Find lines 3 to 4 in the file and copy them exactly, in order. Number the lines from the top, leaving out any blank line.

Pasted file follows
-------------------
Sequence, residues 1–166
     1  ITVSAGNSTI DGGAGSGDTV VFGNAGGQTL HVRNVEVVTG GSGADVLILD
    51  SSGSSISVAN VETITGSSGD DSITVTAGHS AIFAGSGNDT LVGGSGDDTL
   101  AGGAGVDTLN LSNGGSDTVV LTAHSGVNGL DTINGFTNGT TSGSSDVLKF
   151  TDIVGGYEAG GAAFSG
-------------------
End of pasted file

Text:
    51  SSGSSISVAN VETITGSSGD DSITVTAGHS AIFAGSGNDT LVGGSGDDTL
   101  AGGAGVDTLN LSNGGSDTVV LTAHSGVNGL DTINGFTNGT TSGSSDVLKF